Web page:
I do think October 7th was an act of terrorism committed by Hamas. And, after talking to and learning from Khaled Elgindy, I don’t think that any peace negotiation will be successful without talking to all Palestinian leadership — including Hamas as representatives of the opposition. This feels like a moral dilemma that I’m not close to resolving personally. I think I understand the diplomatic strategy that we don’t negotiate with just our friends, but also our enemies — yet, I’m still struggling. I’ll be curious to see what y’all think after you listen to the podcast with Khaled.  

Last, I’m unmoved by people diminishing the power of nonviolent peace-making and connecting it to white, liberal, feminism. There’s absolutely nothing white, liberal, feminist about it — every global example of successful nonviolence movements has been led by people who are not white. I suggest digging deeper into understanding the courageous history of nonviolent peace movements. Here are a few links:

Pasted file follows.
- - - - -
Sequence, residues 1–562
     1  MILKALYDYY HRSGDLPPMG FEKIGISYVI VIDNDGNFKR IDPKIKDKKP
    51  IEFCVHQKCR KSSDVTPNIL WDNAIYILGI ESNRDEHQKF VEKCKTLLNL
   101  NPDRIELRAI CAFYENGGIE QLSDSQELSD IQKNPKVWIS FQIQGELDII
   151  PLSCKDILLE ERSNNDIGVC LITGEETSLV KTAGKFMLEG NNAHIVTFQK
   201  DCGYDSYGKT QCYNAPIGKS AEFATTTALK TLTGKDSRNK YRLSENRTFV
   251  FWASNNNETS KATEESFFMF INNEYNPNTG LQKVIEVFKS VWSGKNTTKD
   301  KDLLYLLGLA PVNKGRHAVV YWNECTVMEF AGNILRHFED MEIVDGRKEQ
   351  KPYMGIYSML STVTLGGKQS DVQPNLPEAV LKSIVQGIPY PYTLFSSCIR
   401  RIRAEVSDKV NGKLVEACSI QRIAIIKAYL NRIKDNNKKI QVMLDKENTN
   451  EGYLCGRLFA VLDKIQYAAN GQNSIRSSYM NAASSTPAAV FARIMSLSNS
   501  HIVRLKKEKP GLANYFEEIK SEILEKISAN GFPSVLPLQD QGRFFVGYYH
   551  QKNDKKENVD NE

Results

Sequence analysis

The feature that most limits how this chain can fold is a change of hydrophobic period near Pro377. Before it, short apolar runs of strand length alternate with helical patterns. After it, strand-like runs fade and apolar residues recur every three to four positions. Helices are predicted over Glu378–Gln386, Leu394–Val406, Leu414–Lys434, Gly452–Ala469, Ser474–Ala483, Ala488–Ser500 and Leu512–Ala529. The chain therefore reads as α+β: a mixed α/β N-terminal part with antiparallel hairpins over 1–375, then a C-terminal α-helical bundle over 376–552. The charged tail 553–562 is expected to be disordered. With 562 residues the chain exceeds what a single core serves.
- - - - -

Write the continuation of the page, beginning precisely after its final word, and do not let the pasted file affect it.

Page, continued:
Jamila Raqib’s TED Talk “The secret to effective nonviolent resistance”

Julia Bacha’s TED Talk “Pay attention to nonviolence”

The King Center’s Nonviolence365® Training

In closing, for clarity,

I support an immediate and permanent ceasefire.
I support the end of Israel’s occupation of Palestine.
I support the return of the hostages.
And, I continue to believe that any solution that diminishes the humanity of others and/or deploys power-over as a strategy is not a solution.

You can criticize me and my opinions, but please don’t conflate my position with the people on the podcasts who are doing tremendous work. You can find the podcasts here.